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Date Palm Fruit (Phoenix dactylifera): Effects on Vascular Health and Future Research Directions

1
Department of Food and Nutrition Science, College of Health Sciences, Public Authority for Applied Education and Training, Shuwaikh 70654, Kuwait
2
Department of Nutrition, University of California Davis, One Shields Avenue, Davis, CA 95616, USA
3
Department of Internal Medicine, University of California Davis Medical Center, Sacramento, CA 95817, USA
*
Author to whom correspondence should be addressed.
Academic Editor: Yun Jung Lee
Int. J. Mol. Sci. 2021, 22(9), 4665; https://doi.org/10.3390/ijms22094665
Received: 8 April 2021 / Revised: 26 April 2021 / Accepted: 27 April 2021 / Published: 28 April 2021
(This article belongs to the Special Issue The Beneficial Phytochemicals for Vascular Dysfunction)
Cardiovascular disease is a leading cause of death globally, presenting an immense public and economic burden. Studies on cardioprotective foods and their bioactive components are needed to address both personal and public health needs. Date fruit is rich in polyphenols, particularly flavonoids, certain micronutrients, and dietary fiber, which can impact vascular health, and have the potential to attenuate vascular disease in humans. Data from in vitro and animal studies report that consumption of date fruit or extracts can modulate select markers of vascular health, particularly plasma lipid levels including triglycerides and cholesterol, indices of oxidative stress and inflammation, but human data is scant. More investigation is needed to better characterize date polyphenols and unique bioactive compounds or fractions, establish safe and effective levels of intake, and delineate underlying mechanisms of action. Implementing scientific rigor in clinical trials and assessment of functional markers of vascular disease, such as flow-mediated dilation and peripheral arterial tonometry, along with gut microbiome profiles would provide useful information with respect to human health. Emerging data supports the notion that intake of date fruit and extracts can be a useful component of a healthy lifestyle for those seeking beneficial effects on vascular health. View Full-Text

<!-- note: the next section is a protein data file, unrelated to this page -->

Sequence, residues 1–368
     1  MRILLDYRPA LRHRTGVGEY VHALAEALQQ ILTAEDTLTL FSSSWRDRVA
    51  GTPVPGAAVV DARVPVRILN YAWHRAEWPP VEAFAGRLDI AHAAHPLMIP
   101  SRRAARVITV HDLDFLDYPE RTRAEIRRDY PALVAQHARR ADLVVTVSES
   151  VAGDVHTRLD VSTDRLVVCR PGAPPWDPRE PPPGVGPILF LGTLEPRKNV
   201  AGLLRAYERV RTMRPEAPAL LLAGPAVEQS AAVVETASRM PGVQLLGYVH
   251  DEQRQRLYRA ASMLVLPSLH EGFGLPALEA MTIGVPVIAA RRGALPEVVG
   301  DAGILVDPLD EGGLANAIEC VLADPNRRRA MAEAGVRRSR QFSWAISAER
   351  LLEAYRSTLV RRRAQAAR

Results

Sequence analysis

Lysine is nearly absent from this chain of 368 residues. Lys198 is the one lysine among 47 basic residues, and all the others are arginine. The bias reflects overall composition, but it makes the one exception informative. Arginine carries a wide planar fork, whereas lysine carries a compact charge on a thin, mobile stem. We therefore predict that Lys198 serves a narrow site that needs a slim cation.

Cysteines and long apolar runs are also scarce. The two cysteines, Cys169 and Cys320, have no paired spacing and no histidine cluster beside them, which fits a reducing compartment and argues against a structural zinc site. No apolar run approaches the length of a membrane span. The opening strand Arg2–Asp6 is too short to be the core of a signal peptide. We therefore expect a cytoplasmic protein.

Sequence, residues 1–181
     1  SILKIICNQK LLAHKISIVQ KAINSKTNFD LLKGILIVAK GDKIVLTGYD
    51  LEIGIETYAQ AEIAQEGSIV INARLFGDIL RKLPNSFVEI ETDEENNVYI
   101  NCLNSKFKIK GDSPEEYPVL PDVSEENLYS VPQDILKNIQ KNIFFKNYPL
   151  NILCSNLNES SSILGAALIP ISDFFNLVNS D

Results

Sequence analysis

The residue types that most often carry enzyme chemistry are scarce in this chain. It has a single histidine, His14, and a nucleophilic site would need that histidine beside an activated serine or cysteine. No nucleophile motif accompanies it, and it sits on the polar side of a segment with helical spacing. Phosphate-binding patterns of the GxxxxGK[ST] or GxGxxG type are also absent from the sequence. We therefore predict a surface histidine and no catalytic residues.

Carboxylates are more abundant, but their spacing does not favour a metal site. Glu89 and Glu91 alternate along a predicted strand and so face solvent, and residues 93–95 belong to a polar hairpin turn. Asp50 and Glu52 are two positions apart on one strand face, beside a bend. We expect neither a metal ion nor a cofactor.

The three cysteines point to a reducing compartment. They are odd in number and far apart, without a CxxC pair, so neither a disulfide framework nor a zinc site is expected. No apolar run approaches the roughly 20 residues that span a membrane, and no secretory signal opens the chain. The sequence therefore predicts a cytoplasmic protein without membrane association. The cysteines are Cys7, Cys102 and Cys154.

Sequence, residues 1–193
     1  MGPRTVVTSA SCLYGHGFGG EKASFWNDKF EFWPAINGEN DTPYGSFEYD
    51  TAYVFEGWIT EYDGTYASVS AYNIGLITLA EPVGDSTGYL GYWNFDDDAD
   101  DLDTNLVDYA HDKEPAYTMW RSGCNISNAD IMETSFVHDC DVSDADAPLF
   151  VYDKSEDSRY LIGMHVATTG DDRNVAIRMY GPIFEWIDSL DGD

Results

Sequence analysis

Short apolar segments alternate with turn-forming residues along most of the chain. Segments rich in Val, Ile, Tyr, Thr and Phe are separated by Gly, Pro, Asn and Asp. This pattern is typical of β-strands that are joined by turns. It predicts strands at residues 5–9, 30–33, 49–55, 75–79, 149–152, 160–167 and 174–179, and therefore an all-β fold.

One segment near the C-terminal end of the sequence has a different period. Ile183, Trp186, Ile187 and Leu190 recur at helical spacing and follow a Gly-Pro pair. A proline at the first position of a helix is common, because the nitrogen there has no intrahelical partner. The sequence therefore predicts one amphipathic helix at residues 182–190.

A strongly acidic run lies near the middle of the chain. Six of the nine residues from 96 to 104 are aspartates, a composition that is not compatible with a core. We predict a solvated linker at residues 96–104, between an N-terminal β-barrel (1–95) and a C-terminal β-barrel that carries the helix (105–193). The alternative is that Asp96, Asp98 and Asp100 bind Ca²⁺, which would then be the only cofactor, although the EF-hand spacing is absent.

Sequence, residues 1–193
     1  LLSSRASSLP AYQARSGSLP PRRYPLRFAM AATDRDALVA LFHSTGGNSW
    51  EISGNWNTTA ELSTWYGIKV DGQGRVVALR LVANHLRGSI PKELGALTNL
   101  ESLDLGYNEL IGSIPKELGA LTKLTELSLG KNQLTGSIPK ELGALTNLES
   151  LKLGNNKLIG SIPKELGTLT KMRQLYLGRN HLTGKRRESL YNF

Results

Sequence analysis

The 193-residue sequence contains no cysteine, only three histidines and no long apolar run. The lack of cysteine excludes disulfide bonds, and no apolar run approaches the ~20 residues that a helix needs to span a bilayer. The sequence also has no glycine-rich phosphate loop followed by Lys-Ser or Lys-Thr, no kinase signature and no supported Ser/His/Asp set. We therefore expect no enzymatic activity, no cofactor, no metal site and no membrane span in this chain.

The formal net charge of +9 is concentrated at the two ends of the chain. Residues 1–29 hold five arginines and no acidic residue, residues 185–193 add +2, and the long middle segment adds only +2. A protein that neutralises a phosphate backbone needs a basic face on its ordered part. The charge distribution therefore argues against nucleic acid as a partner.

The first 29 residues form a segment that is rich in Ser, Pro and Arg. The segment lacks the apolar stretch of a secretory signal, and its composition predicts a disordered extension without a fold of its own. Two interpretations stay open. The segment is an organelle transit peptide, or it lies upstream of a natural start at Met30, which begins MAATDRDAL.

Keywords: polyphenols; flavonoids; cardiovascular; inflammation; lipids; oxidative stress; endothelial function polyphenols; flavonoids; cardiovascular; inflammation; lipids; oxidative stress; endothelial function
MDPI and ACS Style

Al-Dashti, Y.A.; Holt, R.R.; Keen, C.L.; Hackman, R.M. Date Palm Fruit (Phoenix dactylifera): Effects on Vascular Health and Future Research Directions. Int. J. Mol. Sci. 2021, 22, 4665. https://doi.org/10.3390/ijms22094665

AMA Style

Al-Dashti YA, Holt RR, Keen CL, Hackman RM. Date Palm Fruit (Phoenix dactylifera): Effects on Vascular Health and Future Research Directions. International Journal of Molecular Sciences. 2021; 22(9):4665. https://doi.org/10.3390/ijms22094665

Chicago/Turabian Style

Al-Dashti, Yousef A., Roberta R. Holt, Carl L. Keen, and Robert M. Hackman 2021. "Date Palm Fruit (Phoenix dactylifera): Effects on Vascular Health and Future Research Directions" International Journal of Molecular Sciences 22, no. 9: 4665. https://doi.org/10.3390/ijms22094665

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